Since I woke up to at least six inches of snow this morning, I thought this book would be very fitting for today. I love any nonfiction book that captivates and intrigues the reader, especially if that reader is a child. This book does just that. The text at the beginning is too difficult and technical for my girls (9 and 6), but that has not stopped them from pouring over each and every snowflake pictured in this book. When it was due at the library they begged me to renew it because they didn’t want to let it go. It is fascinating! The beginning text is very interesting, yet a bit technical. It talks about the different types of snowflakes and how they are formed, it talks about how Mr. Bentley painstakingly photographed each and every snowflake, and it talks about different natural phenomena like dew, sleet, hail, and frost. I found it intriguing, but I read through it quickly because I couldn’t wait to see all the beautiful pictures. It is amazing how intricate and detailed some of the snowflakes are! I had no idea that some snowflakes look like columns. Yes, they look like actual Roman columns, 3D and everything. There are many different shapes and configurations. No two in the book are the same. My favorite ones are the ones you think of when you think of snowflakes, with many delicate and intricate details. Frost is beautiful too! After reading this book, I can now look outside at all the snow this morning and not only see, but appreciate the beauty in it as well. This book would be fabulous for science teachers, art teachers, photography teachers, and all teachers looking to introduce more nonfiction books into the classroom. It would also be a great addition to any home library. I highly recommend this book.

Content Rating G

Rating: G (Clean!)

Age Recommendation: Everyone! (For a silent read I would say 5th or 6th grade and up to be able to understand the text, but everyone can enjoy the photographs.)

 

Similar Titles You May Be Interested In:

Shipwreck at the Bottom of the World by Jennifer Armstrong   I'm Possible by Jeff Griffin   Focused by Noelle Pikus Pace
 
 
*This post was originally published on 12/29/14; updated on 1/5/18.

[Book Review] Christmas Jars-The Collector’s Edition by Jason F. Wright

Christmas Jars by Jason F. Wright

[Book Review] Christmas Jars: The Collector's Edition by Jason F. Wright

Blurb:

“Hope Jensen is a young, single woman and an aspiring newspaper writer, and when she receives a much-needed but anonymous Christmas gift, she’s determined to find her benefactor. That search leads her to an unusual family with a longstanding Christmas tradition. Sensing a front-page feature article, Hope desperately wants to publish their story, but doing so would be a breach of trust. What she decides to do will changer her life forever. Destined to become a classic Christmas tale, Christmas Jars is a heartwarming story that will restore your faith in mankind and make you want to start your own Christmas Jar tradition.”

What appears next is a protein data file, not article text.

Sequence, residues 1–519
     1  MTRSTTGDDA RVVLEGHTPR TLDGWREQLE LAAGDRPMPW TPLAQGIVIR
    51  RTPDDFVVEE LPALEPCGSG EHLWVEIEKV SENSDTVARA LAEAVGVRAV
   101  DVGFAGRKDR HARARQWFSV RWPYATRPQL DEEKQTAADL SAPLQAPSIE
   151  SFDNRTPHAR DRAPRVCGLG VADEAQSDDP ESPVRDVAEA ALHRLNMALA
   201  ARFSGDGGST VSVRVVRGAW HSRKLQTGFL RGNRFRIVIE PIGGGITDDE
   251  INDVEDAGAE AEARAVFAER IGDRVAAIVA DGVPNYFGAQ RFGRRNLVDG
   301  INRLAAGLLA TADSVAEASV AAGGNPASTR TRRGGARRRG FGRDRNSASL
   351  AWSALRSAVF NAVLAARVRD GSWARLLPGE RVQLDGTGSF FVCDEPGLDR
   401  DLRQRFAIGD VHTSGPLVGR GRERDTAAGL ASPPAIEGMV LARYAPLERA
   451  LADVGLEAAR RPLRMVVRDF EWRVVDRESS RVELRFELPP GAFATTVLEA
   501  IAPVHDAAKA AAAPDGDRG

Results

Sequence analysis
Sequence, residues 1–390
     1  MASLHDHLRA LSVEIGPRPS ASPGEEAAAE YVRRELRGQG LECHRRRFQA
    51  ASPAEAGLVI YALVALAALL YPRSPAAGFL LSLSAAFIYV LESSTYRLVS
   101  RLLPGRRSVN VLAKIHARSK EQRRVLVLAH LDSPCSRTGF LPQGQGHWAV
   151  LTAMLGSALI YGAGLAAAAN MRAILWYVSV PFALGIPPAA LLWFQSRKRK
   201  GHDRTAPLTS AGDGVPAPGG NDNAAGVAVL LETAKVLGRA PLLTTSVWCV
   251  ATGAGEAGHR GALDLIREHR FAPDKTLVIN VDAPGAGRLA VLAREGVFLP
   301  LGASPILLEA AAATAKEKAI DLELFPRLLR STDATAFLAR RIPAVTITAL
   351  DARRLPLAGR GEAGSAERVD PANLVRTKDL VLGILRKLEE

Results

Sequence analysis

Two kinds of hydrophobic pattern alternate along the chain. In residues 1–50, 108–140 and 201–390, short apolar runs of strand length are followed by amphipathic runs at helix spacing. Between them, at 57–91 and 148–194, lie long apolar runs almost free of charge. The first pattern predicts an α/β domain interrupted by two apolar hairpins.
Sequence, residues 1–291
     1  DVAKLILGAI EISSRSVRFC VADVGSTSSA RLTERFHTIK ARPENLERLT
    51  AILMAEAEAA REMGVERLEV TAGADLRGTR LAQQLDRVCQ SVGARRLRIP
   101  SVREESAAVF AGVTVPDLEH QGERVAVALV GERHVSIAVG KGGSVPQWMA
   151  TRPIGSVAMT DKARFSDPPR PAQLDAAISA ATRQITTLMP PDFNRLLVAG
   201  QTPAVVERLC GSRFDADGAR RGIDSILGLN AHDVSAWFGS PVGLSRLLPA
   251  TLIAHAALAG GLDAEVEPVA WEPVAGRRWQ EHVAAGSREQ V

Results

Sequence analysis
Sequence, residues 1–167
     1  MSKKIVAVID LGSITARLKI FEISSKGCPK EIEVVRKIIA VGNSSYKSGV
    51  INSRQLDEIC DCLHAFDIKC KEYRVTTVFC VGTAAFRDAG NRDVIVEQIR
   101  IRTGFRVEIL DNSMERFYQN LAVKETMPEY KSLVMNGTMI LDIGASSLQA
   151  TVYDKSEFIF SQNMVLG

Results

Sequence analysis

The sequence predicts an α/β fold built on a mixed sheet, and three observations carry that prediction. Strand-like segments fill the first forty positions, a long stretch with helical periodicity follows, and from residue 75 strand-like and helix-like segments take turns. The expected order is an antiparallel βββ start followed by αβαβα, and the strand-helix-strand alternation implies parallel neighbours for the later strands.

My Review:

Over the years I have read a lot of Christmas books, and have loved many of them. This book is definitely somewhere at the top of my favorite list! It’s well written and engaging, and the characters come to life on the page. I felt as if I were there with them; we are best friends now, and I’d love to meet them! Not only that, but the story serves a larger purpose in that it explains what a Christmas Jar is and how Christmas Jars help both giver and receiver. I’d never heard of this before, but what an amazing idea! At the beginning of the year you take an old, empty jar and put it in a safe spot. Then each day when you get home from school or work, you take the change out of your pockets and you put it in the jar. You do this every day all year long. Then the week before Christmas, you take your now-full jar, and you secretly deliver it to someone in need (you could also put a copy of the book with the jar to explain it, but it’s not necessary).
 
You could give the jar to someone with a financial need, but it could also be someone who needs a gift of hope or love. Sometimes the receiver could be someone who needs to know she’s not alone. The possibilities are endless! I love this idea so much! I’ve already talked to my husband about starting our own jar for next Christmas. I’m going to read this book to my kids after Christmas, and we’re going to start a new tradition of a Christmas Jar. My only problem is that I never have cash or change on me, so maybe I’ll need to begin using cash more.
 
I thoroughly enjoyed this book. The story is heartwarming, and the real experiences at the back of the book are just as good! I loved reading them. You’ll need a box of Kleenexes handy, but it’s worth it! And who knows? Maybe you’ll want to start your own Christmas Jar tradition!
 
If you want to read more about this book, learn about the author, or read more amazing Christmas Jar stories, head over to: http://christmasjars.com/
Or you may go to the Christmas Jars Facebook page: https://www.facebook.com/christmasjars/ 
 
 
Content Rating G

Rating: G (There’s no profanity, “intimacy,” or violence.)

Recommendation: Everyone!

Disclosure: I did receive a free copy of this book in exchange for my honest review.
 
 

Other Christmas Titles You May Enjoy:

Celebrating a Christ-Centered Christmas by Emily Belle Freeman and David Butler   The Best Christmas Pageant Ever by Barbara Robinson   A Christmas Carol by Charles Dickens
 
 
 
 
 

[Book Review] Adventurers Wanted: The Axe of Sundering (Book #5) by M.L. Forman

Adventurers Wanted: The Axe of Sundering (Book #5) by M.L. Forman
Adventurers Wanted: The Axe of Sundering (Book #5)